Adonis Diaries

Posts Tagged ‘Seth Godin

What makes your sirens go off…

Somewhere, someone is doing something that got your attention, inciting you into action.

Somewhere, someone is:

  • Taking your share
  • Wasting an opportunity
  • Cutting ahead in line
  • Suffering at the hands of bully
  • Invading your territory
  • Announcing a deadline
  • Sharing breaking news
  • Disrespecting your tribe
  • Going hungry
  • Whispering juicy gossip
  • Misinterpreting your words
  • Not being offered an opportunity
  • Libeling a cause you believe in
  • Living with loneliness
  • Promising a shortcut
  • The victim of cruelty
  • Being cruel
  • Giving something away
  • Picking winners
  • Asking for help

Which of these is your kind of urgent, a chance to take umbrage or perhaps, a call to action?

Which one turns our heads, gets our attention and breaks our rhythm?

We notice what we care about and work hard to ignore the rest.

You can change what you care about by changing what you notice.

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Wishing vs. doing. Line or staff?

By giving people more ways to speak up and more tools to take action, we keep decreasing the gap between what we wish for and what we can do about it.

If you’re not willing to do anything about it, best not to waste the energy wishing about it.

Line or staff?

The most urgent jobs tend to be line jobs. Profit and loss. Schedules to be drawn and honored. Projects to deliver.

The line manager initiates. The line manager delivers.

Staff jobs are important, no doubt about it.

The staff keeps the lights on, provides resources on demand and is standing by ready to help the line manager. But the staff person doesn’t get to say yes and doesn’t get to say go.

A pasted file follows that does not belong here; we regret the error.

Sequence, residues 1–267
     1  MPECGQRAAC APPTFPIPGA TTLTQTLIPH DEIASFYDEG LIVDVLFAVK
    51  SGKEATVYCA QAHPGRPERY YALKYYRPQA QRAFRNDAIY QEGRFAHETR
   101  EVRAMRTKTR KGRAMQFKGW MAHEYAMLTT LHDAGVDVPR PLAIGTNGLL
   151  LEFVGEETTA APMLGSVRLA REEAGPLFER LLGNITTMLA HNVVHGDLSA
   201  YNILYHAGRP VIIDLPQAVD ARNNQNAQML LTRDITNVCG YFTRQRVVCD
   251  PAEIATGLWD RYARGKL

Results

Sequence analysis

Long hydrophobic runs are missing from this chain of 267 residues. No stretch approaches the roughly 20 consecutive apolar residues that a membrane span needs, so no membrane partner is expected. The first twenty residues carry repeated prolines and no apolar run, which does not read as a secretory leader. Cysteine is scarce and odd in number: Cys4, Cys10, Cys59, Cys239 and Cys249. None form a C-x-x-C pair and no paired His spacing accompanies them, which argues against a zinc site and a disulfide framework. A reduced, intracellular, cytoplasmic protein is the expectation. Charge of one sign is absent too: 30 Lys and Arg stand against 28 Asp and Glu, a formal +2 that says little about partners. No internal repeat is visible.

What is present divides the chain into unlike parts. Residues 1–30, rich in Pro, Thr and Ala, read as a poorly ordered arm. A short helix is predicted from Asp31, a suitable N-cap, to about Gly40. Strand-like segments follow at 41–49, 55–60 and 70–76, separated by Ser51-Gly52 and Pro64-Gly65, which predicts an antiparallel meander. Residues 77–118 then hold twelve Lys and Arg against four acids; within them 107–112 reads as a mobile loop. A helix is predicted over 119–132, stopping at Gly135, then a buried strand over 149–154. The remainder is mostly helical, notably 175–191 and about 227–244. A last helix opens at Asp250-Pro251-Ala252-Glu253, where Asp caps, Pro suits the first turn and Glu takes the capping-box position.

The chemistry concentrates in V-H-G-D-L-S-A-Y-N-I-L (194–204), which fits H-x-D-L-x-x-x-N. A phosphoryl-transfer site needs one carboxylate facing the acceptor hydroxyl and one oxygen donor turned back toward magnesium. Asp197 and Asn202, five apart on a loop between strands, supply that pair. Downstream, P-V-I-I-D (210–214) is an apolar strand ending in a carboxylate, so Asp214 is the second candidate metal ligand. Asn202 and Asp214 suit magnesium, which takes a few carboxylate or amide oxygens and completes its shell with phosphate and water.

In fact, the best staff people get that way by acting like they’re on the line.

When you can, take responsibility. Say go.

The engine of our discontent

When TV first was adopted, it was a magical gift. The shows united our culture and the ads fueled a seemingly endless consumer boom.

Today, marketers have turned television into an instrument of dissatisfaction.

The shows alienate many, because they bring an idealized, expensive world into the homes of people who increasingly can’t afford it.

And the ads remind just about everyone that their lives are incomplete and unhappy–unless they buy what’s on offer. Worse, cable news is optimized to shock, frighten and divide the people who watch it.

Social media can amplify all of these downward cycles. It’s TV times 1,000.

Hence a middle class, millions of people who would be as rich as kings in any other time or place, that’s angry and disappointed and feeling left behind.

Victims of a media regime where they are both the user and the product.

Every time TV and social media become significant time sinks in a household, pleasure goes up and happiness goes down.

The solution is simple and difficult.

We can turn it off.

If it’s not getting you what you need or want, turn it off for a few hours.

 

Treating people with kindness

One theory says that if you treat people well, you’re more likely to encourage them to do what you want, making all the effort pay off. Do this, get that.

Another one, which I prefer, is that you might consider treating people with kindness merely because you can. Regardless of what they choose to do in response, this is what you choose to do. Because you can.